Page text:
‘Eastern Bloc’ Communist Countries Comparison

A comparison of communist countries allows the researchers to have a better understanding of the effects of communism and the knowledge help approach interviews more effectively.

~  ~  ~  ~  ~  ~  ~  ~  ~  ~  ~  ~

“The comparison is fantastic on various levels.  Primary level is the violence at the very end of the regime whereas the Czechoslovak is closely bound to the ideology of non-violence and brotherhood”  [….]  “We don’t have to compare only violence and nonviolence, not only civil rights and religions rights but also can compare things like drug culture and everyday life.  But this is something we have to do now”  (Dr Michal Pullman [Contemporary History Lecturer at the Charles University, Faculty of Arts] in response to a question on the comparison between Romania and Czechoslovakia)

However during the interviews others felt it was too vast a subject and to do a comparison would be difficult because of several factors such as the size of the countries, and the population “So I agree that those regimes, there were some common features based on ideology. Communist ideology was definitely more universal”[…..]  I think to find parallels and differences is a good thing, but it’s not so easy to say Czechoslovakia was like Poland and was different to Romania.” (Dr. Oldrich Tuma)

Quick overview of some Eastern Bloc communist countries

Country Communism infiltration Architecture Revolutions
Czechoslovakia1948 – 1989 Democratically elected HistoricalModernismCubism Jan 1968 Prague SpringNov-Dec  1989 Velvet Revolution
Romania1947 – 1989 Falsified election results Communist-influencedPower related Romanian Revolution (series of riots and protests in Romania in December 1989
Bulgaria1946 – 1990 Coup d’etat on existing government Principles of Totalitarian architecture, representativeness and impressiveness, were combined with classical architectural forms i.e. hotel “Balkan”, the Central Shopping Mall, the Communist Party Building October 1989 Enviromental demonstration in Sofia
Poland1947 – 1989 Rigged election results April – September  1988 (Fall of Communism strike)
Hungary 1949 – 1989 Soviet intervention allowed  communist control after coalition government had been formed. Oct-Nov 1956 uprising

War Crimes

“I think everyone was a victim of the communist regime. Even the communists were victims of the regime; their life was deformed by it; they had to lie, they had to muddle through it. So I think that just for numbers of repressions…repressions based on imprisonment and executions, perhaps Czechoslovakia is not such an exception if compared to Hungary or Eastern Germany” (Dr Oldrich Tuma –Director of  Institute of contemporary study)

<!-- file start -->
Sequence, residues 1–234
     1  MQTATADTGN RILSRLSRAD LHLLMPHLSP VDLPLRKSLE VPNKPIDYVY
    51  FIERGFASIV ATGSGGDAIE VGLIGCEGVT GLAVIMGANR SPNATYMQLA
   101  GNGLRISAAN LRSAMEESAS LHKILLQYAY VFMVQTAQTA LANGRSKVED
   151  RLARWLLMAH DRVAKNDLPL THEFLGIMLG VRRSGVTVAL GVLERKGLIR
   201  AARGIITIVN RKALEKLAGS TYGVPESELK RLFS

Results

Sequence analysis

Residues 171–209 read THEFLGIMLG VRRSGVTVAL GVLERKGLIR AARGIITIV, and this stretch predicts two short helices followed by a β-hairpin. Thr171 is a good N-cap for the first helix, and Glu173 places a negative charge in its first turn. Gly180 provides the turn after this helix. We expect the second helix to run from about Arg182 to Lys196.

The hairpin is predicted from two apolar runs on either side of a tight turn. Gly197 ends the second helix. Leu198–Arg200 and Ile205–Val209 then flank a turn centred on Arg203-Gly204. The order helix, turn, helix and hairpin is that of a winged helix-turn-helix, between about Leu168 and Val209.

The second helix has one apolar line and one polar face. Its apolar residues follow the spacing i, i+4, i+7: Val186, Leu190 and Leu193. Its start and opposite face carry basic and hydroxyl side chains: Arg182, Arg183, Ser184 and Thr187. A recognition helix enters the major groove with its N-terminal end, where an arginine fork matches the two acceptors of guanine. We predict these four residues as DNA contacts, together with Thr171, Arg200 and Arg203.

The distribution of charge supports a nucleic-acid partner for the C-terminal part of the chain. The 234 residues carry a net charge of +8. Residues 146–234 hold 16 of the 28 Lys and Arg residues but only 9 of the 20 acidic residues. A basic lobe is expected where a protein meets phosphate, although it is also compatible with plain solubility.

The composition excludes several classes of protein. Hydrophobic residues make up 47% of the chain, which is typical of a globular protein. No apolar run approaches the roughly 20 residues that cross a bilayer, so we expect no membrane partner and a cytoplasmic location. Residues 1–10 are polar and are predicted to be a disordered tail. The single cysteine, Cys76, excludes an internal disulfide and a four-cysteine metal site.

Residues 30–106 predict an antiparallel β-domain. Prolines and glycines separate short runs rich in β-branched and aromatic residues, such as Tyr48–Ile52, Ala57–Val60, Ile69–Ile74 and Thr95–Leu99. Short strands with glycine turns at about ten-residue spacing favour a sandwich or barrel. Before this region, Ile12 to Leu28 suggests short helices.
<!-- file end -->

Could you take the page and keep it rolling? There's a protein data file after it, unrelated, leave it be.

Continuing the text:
In Poland, repressions affected up to 400, 000 people. During 1944-1953, military courts sentenced 70,097 people for crimes against the state (any alleged anti-regime activity or sentiment). 20,000 prisoners died due to harsh condition in prisons. Furthermore, 6,000,000 Polish citizens were classified as suspected members of a “reactionary or criminal element” and subjected to investigation by state agencies. The repressions were meant to scare the common people and get rid of any anti-communist opponents. Often the accusations and sentences were exaggerated or fabricated to speed up the process.

In Bulgaria those who didn’t adhere to the strict Soviet policies were marginalised and denied access to educational, personal and job opportunities.  All religious activity was severely restricted or banned apart from the which later became infiltrated by communist activities.  Over 90 000 dissidents were eliminated via expulsions, arrests and killings between 1948-49.

Hungary had the harshest dictatorship in Europe with over 50 000 women & girls raped.  Approximately 350,000 Hungarian officials and intellectuals were removed  from 1948 to 1956. Were many were arrested, tortured, imprisoned in concentration camps or were executed.

“Even in Czechoslovakia it is hard to say how many victims of the communist regime were…. We know exactly something like 250 people got sentenced to get executed for political reasons… it’s not such a great number” (Dr Michal Pullman – Contemporary History Lecturer at the Charles University, Faculty of Arts))

Exile prisons such as the one in Pitesti, Romania were created to re-educate their political prisoners using violent and degrading methods known today as ‘the Pitesti Phenomenon’.

Rose Muzvondiwa

Advertisements

Communism in Ukraine